Opes[c("name", "department", "hair_colour", "date_of_birth", 
       "pd4a", "pd4b", "pd4c", "pd4d", "pd4e")]
#>   name  department hair_colour date_of_birth          pd4a          pd4b
#> 1  Ope Procurement       Brown    23/03/1986 P.1 (CRI 001) P.1 (CRI 001)
#> 2  Ope    Security       Brown    23/03/1986 P.2 (CRI 001) P.1 (CRI 001)
#> 3  Ope    Security       Brown    23/03/1968 P.2 (CRI 001) P.1 (CRI 001)
#> 4  Ope  Publishing       Green    01/02/1985 P.4 (CRI 001) P.4 (CRI 001)
#> 5  Ope  Publishing        Teal    02/01/1985 P.4 (CRI 001) P.4 (CRI 001)
#> 6  Ope  Publishing        Grey    11/03/1964 P.4 (CRI 001) P.4 (CRI 001)
#> 7  Ope  Publishing       White    11/03/1964 P.4 (CRI 001) P.4 (CRI 001)
#> 8  Ope Procurement       Black    11/10/1985 P.1 (CRI 001) P.1 (CRI 001)
#>            pd4c          pd4d          pd4e
#> 1 P.1 (No hits) P.1 (CRI 001) P.1 (CRI 001)
#> 2 P.2 (No hits) P.1 (CRI 001) P.1 (CRI 001)
#> 3 P.3 (No hits) P.3 (No hits) P.1 (CRI 002)
#> 4 P.4 (No hits) P.4 (No hits) P.4 (No hits)
#> 5 P.5 (No hits) P.5 (No hits) P.5 (No hits)
#> 6 P.6 (No hits) P.6 (CRI 001) P.6 (CRI 001)
#> 7 P.7 (No hits) P.6 (CRI 001) P.6 (CRI 001)
#> 8 P.8 (No hits) P.8 (No hits) P.8 (No hits)

Attributes in a sub_criteria can be compared with user defined logical tests. These are supplied to the match_funcs argument of sub_criteria(). Regardless of the complexity of these tests, they must meet 3 requirements:

A relatively simple use case for this functionality is to compare attributes with string comparators. The example below uses Jaro-Winkler and soundex similarities scores for a pair of values to determine matches and non-matches. These similarity scores are calculated using the stringdist package.

data(staff_records); 
dfr_4 <- staff_records[c("forename")]
dfr_4$forename
#> [1] "James"    NA         "Jamey"    ""         "Derrick"  "Darrack"  "Christie"

# Logical test 1 - Similarity score of 70% or more 
jw_func <- function(x, y){
  score <- 1 - stringdist::stringdist(x, y, "jw")
  score > .7
}

# Logical test 2 - Matching Soundex
soundex_func <- function(x, y){
  score <- 1 - stringdist::stringdist(x, y, "soundex")
  as.logical(score)
}

sub_cri_6 <- sub_criteria(dfr_4$forename, dfr_4$forename, 
                          match_funcs = c(jw_func, soundex_func),
                          operator = "or")
dfr_4$pd5 <- links(criteria = "place_holder", sub_criteria = list(cr1 = sub_cri_6))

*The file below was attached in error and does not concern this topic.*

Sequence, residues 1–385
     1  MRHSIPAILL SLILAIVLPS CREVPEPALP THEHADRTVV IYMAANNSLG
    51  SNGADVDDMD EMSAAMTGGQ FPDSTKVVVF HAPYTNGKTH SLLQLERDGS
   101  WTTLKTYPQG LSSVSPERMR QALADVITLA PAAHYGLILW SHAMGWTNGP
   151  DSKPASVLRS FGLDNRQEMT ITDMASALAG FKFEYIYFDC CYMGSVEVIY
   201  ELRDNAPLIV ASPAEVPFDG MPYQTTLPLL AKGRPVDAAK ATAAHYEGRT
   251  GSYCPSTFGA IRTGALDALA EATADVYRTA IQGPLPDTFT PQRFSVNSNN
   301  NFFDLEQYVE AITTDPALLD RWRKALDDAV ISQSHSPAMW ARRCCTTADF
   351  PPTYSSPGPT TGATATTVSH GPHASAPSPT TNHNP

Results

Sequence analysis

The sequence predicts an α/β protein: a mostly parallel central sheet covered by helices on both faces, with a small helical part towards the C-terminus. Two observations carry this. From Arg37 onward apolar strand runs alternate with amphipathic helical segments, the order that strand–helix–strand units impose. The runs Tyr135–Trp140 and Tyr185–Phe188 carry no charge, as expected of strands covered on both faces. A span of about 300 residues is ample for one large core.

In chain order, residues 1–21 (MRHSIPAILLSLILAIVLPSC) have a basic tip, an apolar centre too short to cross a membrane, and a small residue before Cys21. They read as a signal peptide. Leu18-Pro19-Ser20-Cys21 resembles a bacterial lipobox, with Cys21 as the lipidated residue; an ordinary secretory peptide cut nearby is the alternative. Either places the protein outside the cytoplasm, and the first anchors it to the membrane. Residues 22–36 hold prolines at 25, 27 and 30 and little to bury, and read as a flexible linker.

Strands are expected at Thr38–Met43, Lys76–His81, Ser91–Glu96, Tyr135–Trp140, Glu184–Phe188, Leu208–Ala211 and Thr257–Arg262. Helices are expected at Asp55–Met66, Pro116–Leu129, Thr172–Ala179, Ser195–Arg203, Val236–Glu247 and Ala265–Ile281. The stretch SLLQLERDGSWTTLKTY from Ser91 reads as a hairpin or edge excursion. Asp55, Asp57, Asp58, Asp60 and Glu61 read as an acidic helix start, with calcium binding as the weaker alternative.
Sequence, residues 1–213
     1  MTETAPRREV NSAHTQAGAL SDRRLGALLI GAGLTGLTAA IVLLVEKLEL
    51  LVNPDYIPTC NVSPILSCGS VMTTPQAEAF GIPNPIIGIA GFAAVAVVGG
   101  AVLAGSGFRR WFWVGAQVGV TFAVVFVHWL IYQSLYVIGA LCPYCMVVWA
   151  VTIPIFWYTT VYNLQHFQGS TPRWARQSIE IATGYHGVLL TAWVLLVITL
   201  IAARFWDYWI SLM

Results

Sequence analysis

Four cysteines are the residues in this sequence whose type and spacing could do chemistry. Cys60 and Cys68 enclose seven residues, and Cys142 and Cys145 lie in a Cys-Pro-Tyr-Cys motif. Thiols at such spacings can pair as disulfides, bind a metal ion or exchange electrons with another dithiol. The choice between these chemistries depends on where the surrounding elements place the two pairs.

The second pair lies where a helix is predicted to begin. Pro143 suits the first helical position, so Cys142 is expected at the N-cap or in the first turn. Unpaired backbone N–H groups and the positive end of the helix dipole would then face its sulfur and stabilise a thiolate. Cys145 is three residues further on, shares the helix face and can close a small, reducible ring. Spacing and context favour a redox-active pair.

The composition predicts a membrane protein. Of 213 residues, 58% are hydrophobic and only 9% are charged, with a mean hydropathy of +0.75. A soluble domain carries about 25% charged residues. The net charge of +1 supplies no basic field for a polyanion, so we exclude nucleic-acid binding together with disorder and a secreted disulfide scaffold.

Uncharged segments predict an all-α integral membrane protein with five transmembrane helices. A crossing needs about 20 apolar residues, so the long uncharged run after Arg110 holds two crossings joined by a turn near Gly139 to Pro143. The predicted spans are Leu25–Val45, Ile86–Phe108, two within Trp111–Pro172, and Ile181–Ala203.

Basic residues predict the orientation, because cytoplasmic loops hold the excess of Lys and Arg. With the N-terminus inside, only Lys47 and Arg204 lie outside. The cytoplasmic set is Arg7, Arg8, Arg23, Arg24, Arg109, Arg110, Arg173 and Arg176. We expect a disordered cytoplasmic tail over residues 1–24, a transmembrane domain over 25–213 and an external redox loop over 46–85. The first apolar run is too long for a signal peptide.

dfr_4
#>   forename           pd5
#> 1    James P.1 (CRI 001)
#> 2     <NA> P.2 (No hits)
#> 3    Jamey P.1 (CRI 001)
#> 4          P.4 (No hits)
#> 5  Derrick P.5 (CRI 001)
#> 6  Darrack P.5 (CRI 001)
#> 7 Christie P.7 (No hits)

Probabilistic record linkage

The complexity of a user-defined logical test can range from relatively simple use cases to complex ones such as that implemented in links_wf_probabilistic(). links_wf_probabilistic() is a wrapper function of links() using a specific sub_criteria to achieve probabilistic record linkage. There are a few differences between links_wf_probabilistic() and the typical implementation of probabilistic record linkage. These are summarised below.

Table 1: Differences between the typical approach to probabilistic record linkage and links_wf_probabilistic().

Aspects Typical approach links_wf_probabilistic()
Implementation Every possible record pair is created before being compared Sets of record pairs are created and compared in iterations
Score-thresholds Chosen after review of all matches Required before the linkage process
Accepted matches Chosen after review of all matches Chosen within each iteration of the linkage process

Due to these differences, there are two functionalities to help select a score-threshold before the actual linkage. The first is to use prob_score_range() to review the range of scores attainable for a given dataset. The second is to use the id_1 and id_2 arguments to return the scores for specific record pairs. Calculation of the score-threshold is based on Fellegi and Sunter (1969) model for deciding if two records belong to the same entity. See help(links_wf_probabilistic) for a more detailed explanation of the implementation of this method. See below for examples of how links_wf_probabilistic() can be used.

data(missing_staff_id); 
dfr_5 <- missing_staff_id[c("staff_id",  "initials", "hair_colour", "branch_office")]
dfr_5
#>   staff_id initials hair_colour     branch_office
#> 1       NA     G.D.       Brown Republic of Ghana
#> 2       NA     B.G.        Teal            France
#> 3       NA     X.P.        <NA>              <NA>
#> 4       NA     X.P.       Green              <NA>
#> 5       NA     <NA>       Green            France
#> 6        2     G.D.  Dark brown             Ghana
#> 7        2     G.D.       Brown Republic of Ghana
score_range <- prob_score_range(attribute = as.list(dfr_5))
score_range
#> $minimum_score
#> [1] -16.80229
#> 
#> $mid_scorce
#> [1] -4.226915
#> 
#> $maximum_score
#> [1] 8.348455

# Logical test - Matching last word in `hair_colour` and `branch_office`
last_word_wf <- function(x) tolower(gsub("^.* ", "", x))
last_word_cmp <- function(x, y) last_word_wf(x) == last_word_wf(y)
prob_pids2 <- links_wf_probabilistic(attribute = as.list(dfr_5),
                                     cmp_func = c(diyar::exact_match,
                                                  diyar::exact_match,
                                                  last_word_cmp,
                                                  last_word_cmp),
                                     score_threshold = score_range$mid_scorce)
prob_pids2
#> $pid
#> [1] "P.1 (CRI 001)" "P.2 (No hits)" "P.3 (No hits)" "P.4 (No hits)"
#> [5] "P.5 (No hits)" "P.1 (CRI 001)" "P.1 (CRI 001)"
#> 
#> $pid_weights
#>      sn_x sn_y cmp.staff_id cmp.initials cmp.hair_colour cmp.branch_office
#> [1,]    1    1            0            1               1                 1
#> [2,]    2    2           NA           NA              NA                NA
#> [3,]    3    3           NA           NA              NA                NA
#> [4,]    4    4           NA           NA              NA                NA
#> [5,]    5    5           NA           NA              NA                NA
#> [6,]    6    1            0            1               1                 1